Thank you to all of you who have been following my blog during the year – I do love writing it, and of course doing all the stitching 🙂
Have a great Christmas, and here’s to a stitchy New Year for you with lots of lovely projects to make, both ‘full size’ and ‘dollhouse size’, and all the time you need to do them!
I am going to be taking a break from regular posting on this blog, to allow some time for renovating the house that my husband and I have recently moved into – it’s a bungalow in Cornwall, and will be lovely when it’s finished, but we need to do a lot of work on it, so something’s got to give, to allow us the time! At the moment, there’s no time for stitching 😦 but I hope to get back into doing some soon.
The little emery ‘strawberry’ is the final part that I need to stitch as part of the Victorian Pincushion on a spindle stand project that I am making from the Victoria sampler chart booklet.
This is a pretty little ‘small’ that didn’t take long to stitch. To make it up into the actual strawberry, I first trimmed the fabric to within a centimetre of the running stitch outline round the embroidery. Then I folded the fabric in half and stitched a backstitch line just inside the running stitch (so that I didn’t need to bother removing the running stitches later), to make the fabric into a cone.
Next, I turned it right side out, and ran a line of running stitches around the top edge using number 12 Perle thread.
I lightly stuffed the shape with wadding (not emery powder, as my strawberry is only going to be decorative!). I pulled up the ends of the thread, turning in the seam allowance at the same time, and knotted the thread to make the strawberry shape.
It looked a bit messy at this stage, but the embroidery will cover that up, hopefully!
I then stitched a few long straight stitches in dark green silk around the top of the strawberry, and then added three little silk ribbong bows in dark green. Finally, I added a central loop in variegated silk ribbon and tied a small bow at the top, to hang the strawberry by, on the pincushion spindle.
And this is it finished:
So, my lovely Victorian Pincushion etui set is now complete! I am really pleased with this. It will look lovely in my glass display cabinet with all my other embroidery, but will also be useful when I’m doing even more embroidery.
This is such an unusual project from Thea Dueck of Victoria Sampler. Take a look at her website to see lots of other unusual and creative embroidery projects.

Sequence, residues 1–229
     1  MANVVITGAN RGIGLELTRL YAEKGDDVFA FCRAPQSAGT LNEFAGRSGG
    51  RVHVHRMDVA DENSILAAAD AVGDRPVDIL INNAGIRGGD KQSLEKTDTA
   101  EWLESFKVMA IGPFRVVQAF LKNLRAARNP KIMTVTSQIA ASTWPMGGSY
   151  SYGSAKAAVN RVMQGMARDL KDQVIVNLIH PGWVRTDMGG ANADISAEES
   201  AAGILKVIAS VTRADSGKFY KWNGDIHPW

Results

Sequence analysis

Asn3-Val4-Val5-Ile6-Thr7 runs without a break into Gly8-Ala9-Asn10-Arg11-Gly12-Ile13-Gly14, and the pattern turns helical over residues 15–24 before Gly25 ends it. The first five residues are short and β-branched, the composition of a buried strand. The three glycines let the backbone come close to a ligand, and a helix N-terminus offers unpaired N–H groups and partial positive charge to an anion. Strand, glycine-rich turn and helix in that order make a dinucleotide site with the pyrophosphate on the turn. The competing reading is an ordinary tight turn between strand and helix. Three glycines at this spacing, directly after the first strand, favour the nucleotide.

This week I’ve stitched the embroidery for the little ‘strawberry’ that will hang from the Victorian Pincushion spindle stand with the needlebook. Here’s the front of the chart booklet, to show you what I mean:
It’s the tiny thing hanging down on the left! It’s supposed to contain emery powder, to help clean needles, but I have tried making one of these before with emery powder in, and it is very messy black stuff that gets everywhere. So, as this is really just a decorative ‘small’, I’m going to make mine just stuffed with wadding instead, I think.
The embroidery design is a motif taken from the top circular design, and it doesn’t take long to stitch two repetitions:
I just need to stitch it into a cone shape and stuff it now, and this project will be finished.
This little framed picture is stitched on 40 count silk gauze, and is a unique version of my ‘Elizabeth’ rug design, which usually is stitched on 18 count canvas with Appleton’s crewel wool. But Lorna, one of my customers, decided to do this tiny petit point version, which only measures 4 x 4 inches, and is framed in a picture frame just 9 inches square! It’s so cute when it’s stitched this small!
Here are some more pictures of the ‘Elizabeth’ rug that other customers have sent me, in more traditional mini settings. They are all wonderful in their own way.
The design is based on a William Morris ‘Hammersmith’ rug, in gorgeous shades of blue and burnt orange. If you’d like to stitch one of these, the needlepoint rug kit costs 28.95 GBP and is available here. The kit contains Appletons crewel wool, a suitable needle, detailed instruction, and 18 count canvas (you count the design from a colour block chart – the design is not printed on the canvas). The finished size of the rug when stitched from a kit is nine inches square.
Visit my Dollhouse Needlepoint kit website or my Etsy shop site now (the Etsy one is better for mainland European customers). All kits are in stock, and I ship worldwide.